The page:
Andrew Jones will declare for the draft, but will not hire an agent, according to ESPN’s Jeff Goodman.

The 6-foot-4 guard joins Jarrett Allen, the Longhorns’ star center, in utilizing the rule change that became available to players last year in which they can declare, workout for teams, attend the NBA combine and still return to school.

Jones averaged 11.4 points, 3.9 rebounds and 3.5 assists per game as a freshman. He shot 42.5 percent from the field overall and 32.8 percent from 3-point range.

Allen seems the likelier candidate to remain in the draft as a potential lottery pick, but Jones came to Austin with similar one-and-done possibilities given his status as one of the class’ top recruits.

Texas, of course, is hoping both return, not just because they’re both big talents, but because incoming and highly-touted recruit Matt Coleman fills the major hole in last year’s lineup – point guard. If the three of them can share the floor together, Year 3 of the Shaka Smart era will be much more interesting.

Morrow announces transfer from Nebraska

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Nebraska was once again hit with a surprising and damaging transfer.

Ed Morrow, Jr., who led the Huskers in rebounding last year, announced his intention to transfer, the school announced Wednesday.

“I support Ed in his decision to transfer schools and wish him well,” Nebraska coach Tim Miles said in a statement. “We appreciate his hard work over the last two years. Although I am disappointed, we will continue to recruit young men who are committed to our mission of building Nebraska Basketball with a culture of success in all areas…life, school and winning basketball at its highest level.”

The 6-foot-7 sophomore’s departure is a major hit to the Huskers, who are coming off a 12-19 year in which Miles’ job security was called into question. It almost assuredly will be again this year as Nebraska hasn’t been able to build on its 2014 NCAA tournament appearance, instead putting together three-straight losing seasons.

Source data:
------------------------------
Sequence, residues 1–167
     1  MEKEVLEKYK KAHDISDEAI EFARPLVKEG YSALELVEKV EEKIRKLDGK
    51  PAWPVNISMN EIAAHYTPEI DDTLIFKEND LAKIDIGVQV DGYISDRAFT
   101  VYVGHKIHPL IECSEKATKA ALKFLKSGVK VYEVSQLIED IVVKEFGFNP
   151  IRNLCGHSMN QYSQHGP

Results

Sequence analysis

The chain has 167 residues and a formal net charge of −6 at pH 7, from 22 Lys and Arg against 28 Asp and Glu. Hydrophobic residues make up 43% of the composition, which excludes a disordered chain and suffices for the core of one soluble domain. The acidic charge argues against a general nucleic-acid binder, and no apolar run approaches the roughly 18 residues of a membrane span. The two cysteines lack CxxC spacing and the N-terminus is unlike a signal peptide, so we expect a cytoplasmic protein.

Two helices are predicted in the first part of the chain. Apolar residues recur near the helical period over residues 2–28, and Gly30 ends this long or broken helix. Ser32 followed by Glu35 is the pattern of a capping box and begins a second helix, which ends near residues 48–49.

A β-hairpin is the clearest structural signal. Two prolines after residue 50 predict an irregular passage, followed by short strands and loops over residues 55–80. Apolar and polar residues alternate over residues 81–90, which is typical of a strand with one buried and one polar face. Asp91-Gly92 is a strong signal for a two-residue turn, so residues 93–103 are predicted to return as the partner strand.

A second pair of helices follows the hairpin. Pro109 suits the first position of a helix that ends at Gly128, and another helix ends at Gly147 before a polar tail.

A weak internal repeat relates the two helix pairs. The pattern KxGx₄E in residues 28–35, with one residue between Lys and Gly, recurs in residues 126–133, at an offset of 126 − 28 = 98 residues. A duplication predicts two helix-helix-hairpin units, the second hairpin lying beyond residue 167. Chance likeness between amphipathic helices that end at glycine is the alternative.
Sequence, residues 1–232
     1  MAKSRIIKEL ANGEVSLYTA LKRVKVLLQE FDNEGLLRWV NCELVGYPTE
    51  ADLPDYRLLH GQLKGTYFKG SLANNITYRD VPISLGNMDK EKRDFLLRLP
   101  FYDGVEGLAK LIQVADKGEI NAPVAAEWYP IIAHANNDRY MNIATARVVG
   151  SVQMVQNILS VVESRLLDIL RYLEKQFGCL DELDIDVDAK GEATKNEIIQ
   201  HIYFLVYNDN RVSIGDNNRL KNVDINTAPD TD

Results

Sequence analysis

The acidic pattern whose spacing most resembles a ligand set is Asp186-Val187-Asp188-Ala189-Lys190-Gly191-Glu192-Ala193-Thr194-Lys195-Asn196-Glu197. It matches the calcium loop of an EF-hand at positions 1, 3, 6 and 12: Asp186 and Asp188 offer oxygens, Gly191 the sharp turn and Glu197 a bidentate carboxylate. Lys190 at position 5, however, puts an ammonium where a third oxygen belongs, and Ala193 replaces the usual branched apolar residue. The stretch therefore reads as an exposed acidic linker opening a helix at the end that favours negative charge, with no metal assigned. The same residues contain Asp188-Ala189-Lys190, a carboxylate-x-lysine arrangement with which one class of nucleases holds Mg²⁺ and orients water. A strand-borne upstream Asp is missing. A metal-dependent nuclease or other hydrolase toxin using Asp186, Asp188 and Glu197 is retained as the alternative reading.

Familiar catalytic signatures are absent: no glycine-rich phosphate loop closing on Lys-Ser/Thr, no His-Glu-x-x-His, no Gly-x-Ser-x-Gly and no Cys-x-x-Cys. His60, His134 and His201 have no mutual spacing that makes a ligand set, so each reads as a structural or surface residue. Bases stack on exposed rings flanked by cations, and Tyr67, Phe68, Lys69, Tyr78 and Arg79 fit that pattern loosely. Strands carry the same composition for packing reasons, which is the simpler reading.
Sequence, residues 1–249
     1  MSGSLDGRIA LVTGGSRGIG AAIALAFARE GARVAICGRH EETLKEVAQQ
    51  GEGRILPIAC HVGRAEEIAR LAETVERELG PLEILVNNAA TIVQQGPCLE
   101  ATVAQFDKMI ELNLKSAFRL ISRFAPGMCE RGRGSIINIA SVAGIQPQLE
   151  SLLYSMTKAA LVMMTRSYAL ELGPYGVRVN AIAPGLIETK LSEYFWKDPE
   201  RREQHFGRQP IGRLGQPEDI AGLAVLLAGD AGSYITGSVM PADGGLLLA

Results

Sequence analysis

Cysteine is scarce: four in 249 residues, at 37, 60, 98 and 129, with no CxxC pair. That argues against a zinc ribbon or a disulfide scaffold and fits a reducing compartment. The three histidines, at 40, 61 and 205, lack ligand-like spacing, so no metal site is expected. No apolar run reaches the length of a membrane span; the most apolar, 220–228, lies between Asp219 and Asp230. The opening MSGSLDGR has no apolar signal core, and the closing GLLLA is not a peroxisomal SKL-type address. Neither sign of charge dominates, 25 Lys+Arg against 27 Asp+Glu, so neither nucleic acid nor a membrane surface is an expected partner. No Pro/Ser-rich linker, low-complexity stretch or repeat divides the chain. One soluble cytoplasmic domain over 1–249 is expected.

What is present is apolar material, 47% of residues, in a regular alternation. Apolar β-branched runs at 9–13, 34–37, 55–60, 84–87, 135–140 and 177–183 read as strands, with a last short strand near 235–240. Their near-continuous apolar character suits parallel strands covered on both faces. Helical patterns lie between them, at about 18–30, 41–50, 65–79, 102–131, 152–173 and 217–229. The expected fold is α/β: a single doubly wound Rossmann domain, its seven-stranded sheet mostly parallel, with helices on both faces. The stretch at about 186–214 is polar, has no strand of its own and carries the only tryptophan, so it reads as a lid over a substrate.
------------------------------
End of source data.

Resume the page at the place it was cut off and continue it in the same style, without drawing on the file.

Morrow’s decision is surprising not only given he’d been a productive member of the team – averaging 9.4 points and 7.5 rebounds per game – but because he was born in Nebraska before attending high school in Chicago and both his parents were Nebraska student-athletes his father winning a national title on the football team in 1994 and his mother an all-Big Eight performer on the basketball team.

“I want to say thank you to my teammates, coaches, the fans and the University of Nebraska athletics department for giving me the opportunity to play Division I basketball,” Morrow said in a statement. “It is hard to leave home, and Nebraska is my home. I was born and raised here, it is my parents’ alma mater, and I have a lot of friends here. But sometimes you have to venture out to pursue dreams and aspirations in a career. This is a sacrifice I have to make to better myself.”

Morrow’s transfer comes a year after Andrew White surprised Nebraska with his decision to graduate and transfer to Syracuse, which no doubt impacted the Huskers’ poor 2016-17 record.

Miles was on the hot seat at the end of last season and will assuredly begin this season there as well. A roster hit like Morrow won’t do much to help him improve the situation. Nebraska does, however, have three starters returning while Georgetown transfer Isaac Copeland is eligible, as is Miami (Fla.) transfer James Palmer, Jr.

Lonzo Ball says “I’m better than” Markelle Fultz

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Usually, it’s LaVar Ball that makes news for what he says.

His eldest son is now getting in on the business of generating headlines with something other than his play.

The UCLA star, who said he’ll enter the draft after just one season with the Bruins, claimed he’s the better prospect than Washington freshman Markelle Fultz, who many have pegged as the No. 1 pick in June’s draft.